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Massachusetts Eats its Peas without Washington Budget Acrimony

Posted on July 15, 2011

Boston and Washington provided a study in contrasts this week on the ability of government to manage its expenses during times of fiscal distress.

Patrick.Signs.2012.Budget.SmallAs federal budget negotiations devolved into a desperate game of chicken over raising the nation’s debt ceiling, Governor Deval Patrick quietly signed a Fiscal Year 2012 state budget designed to close a $1.9 billion budget gap without new taxes.

Sure the $30.6 billion Beacon Hill spending blueprint was finalized 12 days late. Yes, the deliberations included plenty of contentious debate over collective bargaining. And the judicial branch ended the week in full revolt over budget reductions by threatening to close 11 courthouses and asking the governor to cease appointing new candidates to the bench.

But the governor and the Legislature ended up achieving remarkable consensus in the fourth consecutive year of fiscal crisis following the recession of 2008. That consensus produced a budget with much to like for employers still struggling to accelerate hiring in an uncertain economic recovery:

  • The decision to avoid tax increases indicates that lawmakers believe that the only way to solve the commonwealth’s long-term budgetary issues is through economic expansion and job growth.
  • The budget gives cities and towns the ability to control soaring health insurance costs by changing the design of employee health coverage after an expedited 30-day bargaining window. The provision matters to employers who have been concerned that spiraling health costs threaten the ability of cities and towns to provide the educational, safety and public works services that businesses need.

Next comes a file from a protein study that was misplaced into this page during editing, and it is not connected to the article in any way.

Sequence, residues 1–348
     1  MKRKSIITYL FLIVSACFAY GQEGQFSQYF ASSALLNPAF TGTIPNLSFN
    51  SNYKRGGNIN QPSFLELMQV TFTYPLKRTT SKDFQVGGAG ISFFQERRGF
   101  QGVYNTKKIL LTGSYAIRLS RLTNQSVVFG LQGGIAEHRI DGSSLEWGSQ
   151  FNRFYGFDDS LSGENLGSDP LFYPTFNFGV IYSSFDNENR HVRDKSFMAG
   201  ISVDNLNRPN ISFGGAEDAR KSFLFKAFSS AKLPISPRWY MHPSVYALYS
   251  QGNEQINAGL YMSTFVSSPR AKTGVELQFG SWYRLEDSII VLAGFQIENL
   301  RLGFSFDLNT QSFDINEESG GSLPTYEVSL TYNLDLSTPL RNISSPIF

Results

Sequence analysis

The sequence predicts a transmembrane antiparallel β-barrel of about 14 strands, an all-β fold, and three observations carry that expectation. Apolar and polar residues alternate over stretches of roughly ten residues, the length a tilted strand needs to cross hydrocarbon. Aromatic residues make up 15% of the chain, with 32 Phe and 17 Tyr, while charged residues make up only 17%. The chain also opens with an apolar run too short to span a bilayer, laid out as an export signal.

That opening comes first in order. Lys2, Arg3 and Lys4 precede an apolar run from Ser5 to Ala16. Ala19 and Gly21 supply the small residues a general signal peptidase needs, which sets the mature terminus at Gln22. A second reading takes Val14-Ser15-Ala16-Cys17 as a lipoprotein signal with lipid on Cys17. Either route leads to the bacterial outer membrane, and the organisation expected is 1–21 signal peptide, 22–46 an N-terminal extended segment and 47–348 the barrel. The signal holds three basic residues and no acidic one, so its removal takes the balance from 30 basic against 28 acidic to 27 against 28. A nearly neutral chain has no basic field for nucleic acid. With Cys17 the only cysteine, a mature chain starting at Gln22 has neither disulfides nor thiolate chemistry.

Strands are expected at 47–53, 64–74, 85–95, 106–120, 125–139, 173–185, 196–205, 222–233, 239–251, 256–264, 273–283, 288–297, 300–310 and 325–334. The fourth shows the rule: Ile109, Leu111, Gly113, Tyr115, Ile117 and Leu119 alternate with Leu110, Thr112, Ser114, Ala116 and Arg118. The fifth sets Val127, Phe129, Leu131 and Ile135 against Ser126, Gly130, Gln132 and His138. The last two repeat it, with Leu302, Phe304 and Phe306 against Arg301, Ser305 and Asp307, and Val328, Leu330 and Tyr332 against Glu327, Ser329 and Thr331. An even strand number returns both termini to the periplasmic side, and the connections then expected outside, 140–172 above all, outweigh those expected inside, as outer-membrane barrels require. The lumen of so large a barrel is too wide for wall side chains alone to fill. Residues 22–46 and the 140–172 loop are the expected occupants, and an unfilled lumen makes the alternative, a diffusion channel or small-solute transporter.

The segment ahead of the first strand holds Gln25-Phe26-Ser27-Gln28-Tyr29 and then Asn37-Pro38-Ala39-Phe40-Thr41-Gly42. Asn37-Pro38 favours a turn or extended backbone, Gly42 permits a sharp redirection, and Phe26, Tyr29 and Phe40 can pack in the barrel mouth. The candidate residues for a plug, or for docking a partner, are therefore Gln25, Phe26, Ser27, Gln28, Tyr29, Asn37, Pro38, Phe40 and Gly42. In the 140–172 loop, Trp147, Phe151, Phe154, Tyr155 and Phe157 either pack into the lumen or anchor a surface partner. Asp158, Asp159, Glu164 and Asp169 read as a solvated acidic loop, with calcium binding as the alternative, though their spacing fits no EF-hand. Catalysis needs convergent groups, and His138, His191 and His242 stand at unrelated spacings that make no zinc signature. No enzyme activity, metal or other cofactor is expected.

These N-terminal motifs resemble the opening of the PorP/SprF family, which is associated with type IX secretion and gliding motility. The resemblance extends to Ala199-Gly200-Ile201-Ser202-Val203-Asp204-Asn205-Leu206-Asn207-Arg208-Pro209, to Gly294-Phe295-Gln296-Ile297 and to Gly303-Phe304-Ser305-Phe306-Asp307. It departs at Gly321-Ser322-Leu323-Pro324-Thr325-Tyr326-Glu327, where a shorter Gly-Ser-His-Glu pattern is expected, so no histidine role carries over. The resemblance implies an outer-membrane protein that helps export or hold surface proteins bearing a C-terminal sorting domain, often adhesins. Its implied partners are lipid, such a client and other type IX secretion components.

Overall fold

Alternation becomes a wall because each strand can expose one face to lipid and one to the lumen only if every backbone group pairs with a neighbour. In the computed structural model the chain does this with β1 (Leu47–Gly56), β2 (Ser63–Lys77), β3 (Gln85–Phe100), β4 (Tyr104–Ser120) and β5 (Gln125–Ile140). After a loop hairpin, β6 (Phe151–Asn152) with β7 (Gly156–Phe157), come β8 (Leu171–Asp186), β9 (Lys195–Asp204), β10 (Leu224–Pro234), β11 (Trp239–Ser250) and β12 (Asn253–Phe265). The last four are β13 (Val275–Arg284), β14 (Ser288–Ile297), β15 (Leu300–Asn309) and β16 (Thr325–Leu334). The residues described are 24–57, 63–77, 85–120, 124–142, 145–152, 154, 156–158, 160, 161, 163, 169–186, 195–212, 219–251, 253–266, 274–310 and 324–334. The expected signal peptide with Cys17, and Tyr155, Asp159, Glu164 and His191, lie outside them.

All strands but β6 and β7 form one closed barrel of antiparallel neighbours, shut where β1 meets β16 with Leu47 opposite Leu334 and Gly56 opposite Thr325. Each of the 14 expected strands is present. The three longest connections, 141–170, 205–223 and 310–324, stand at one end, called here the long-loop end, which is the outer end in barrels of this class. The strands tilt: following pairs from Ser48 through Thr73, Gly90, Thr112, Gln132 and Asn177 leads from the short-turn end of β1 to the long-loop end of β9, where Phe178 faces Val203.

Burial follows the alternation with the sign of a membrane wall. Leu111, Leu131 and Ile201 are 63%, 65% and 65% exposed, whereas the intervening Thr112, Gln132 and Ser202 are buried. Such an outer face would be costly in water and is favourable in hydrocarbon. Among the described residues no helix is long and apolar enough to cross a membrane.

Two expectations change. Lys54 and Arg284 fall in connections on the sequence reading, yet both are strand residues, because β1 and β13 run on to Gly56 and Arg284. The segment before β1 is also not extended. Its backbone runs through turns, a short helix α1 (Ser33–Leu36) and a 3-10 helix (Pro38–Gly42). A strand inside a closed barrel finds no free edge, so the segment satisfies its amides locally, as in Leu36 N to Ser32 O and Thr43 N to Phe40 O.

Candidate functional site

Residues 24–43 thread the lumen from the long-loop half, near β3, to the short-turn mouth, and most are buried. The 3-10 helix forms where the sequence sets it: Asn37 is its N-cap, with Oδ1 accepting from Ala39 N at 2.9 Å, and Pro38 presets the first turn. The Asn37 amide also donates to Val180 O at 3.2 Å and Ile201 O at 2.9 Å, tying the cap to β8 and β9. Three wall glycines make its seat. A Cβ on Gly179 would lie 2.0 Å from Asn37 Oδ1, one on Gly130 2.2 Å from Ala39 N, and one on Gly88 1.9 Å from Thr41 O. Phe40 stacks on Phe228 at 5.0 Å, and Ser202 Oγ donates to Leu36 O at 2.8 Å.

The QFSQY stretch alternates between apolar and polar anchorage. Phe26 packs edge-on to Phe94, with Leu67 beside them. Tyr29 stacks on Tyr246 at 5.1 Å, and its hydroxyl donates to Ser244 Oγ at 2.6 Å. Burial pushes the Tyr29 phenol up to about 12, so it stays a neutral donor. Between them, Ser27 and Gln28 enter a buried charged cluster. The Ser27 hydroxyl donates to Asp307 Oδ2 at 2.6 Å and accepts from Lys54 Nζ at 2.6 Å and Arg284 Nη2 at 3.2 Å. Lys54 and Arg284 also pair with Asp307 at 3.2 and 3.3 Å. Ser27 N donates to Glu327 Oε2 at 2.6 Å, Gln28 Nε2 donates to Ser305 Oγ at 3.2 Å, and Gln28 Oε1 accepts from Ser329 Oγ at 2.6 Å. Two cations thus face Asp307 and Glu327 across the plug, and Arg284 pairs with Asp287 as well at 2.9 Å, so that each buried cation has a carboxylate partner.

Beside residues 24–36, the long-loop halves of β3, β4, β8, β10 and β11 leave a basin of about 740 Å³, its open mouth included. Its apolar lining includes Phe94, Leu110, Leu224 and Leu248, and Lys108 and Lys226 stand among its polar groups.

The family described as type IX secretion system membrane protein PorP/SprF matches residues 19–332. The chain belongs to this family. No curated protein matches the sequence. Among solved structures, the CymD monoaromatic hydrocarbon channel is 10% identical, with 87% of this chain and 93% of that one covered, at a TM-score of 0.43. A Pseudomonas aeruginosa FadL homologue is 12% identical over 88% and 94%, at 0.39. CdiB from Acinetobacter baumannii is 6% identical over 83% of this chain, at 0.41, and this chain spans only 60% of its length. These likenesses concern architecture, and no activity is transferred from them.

• The employer-funded Massachusetts Workforce Training Program will be placed into a trust that will remove the program from the uncertainties of annual budget deliberations. The flagship program through which Massachusetts improves the skills of workers has provided $193.2 million in grants since its inception to some 2,500 Massachusetts employers to train 277,351 people.
  • The budget includes three tax reforms designed to strengthen the state’s business climate and enhance fairness and predictability for taxpayers: speeding tax audits, establishing equal rules for taxpayers and the Department of Revenue and providing early notification of changes in tax policy.

There were disappointments in the budget process as well:

  • Governor Patrick vetoed two provisions essential to the stability of employer-sponsored health plans: One would have required the Massachusetts Division of Insurance (DOI) to notify health plans 60 days in advance if they plan to reject insurers’ proposed health insurance rates. The other would add additional actuarial criteria the DOI has to take into consideration before rejecting insurers’ premium rates. AIM and other business groups have asked the Legislature to override these vetoes.
  • The final budget omits a proposal originally passed by the House of Representatives to narrow the onerous treble damages provision for violations of wage and hour laws.
  • Also omitted was a House-passed measure to repeal the pharmaceutical gift ban that threatens job growth in one of the economy’s most important sectors.

AIM will continue work with lawmakers outside of the budget process to address the treble damages law and pharmaceutical gift ban, both of which raise red flags for companies evaluating whether or not to do business in Massachusetts.

“On balance, the budget creates fiscal stability and takes a courageous step toward empowering cities and towns to save up to $100 million on health insurance costs,” said John Regan, Executive Vice President of Government Affairs at AIM.

“And all that without people walking out of negotiations, without brinksmanship, without talk of eating our peas and without the level of acrimony that has consumed Washington.”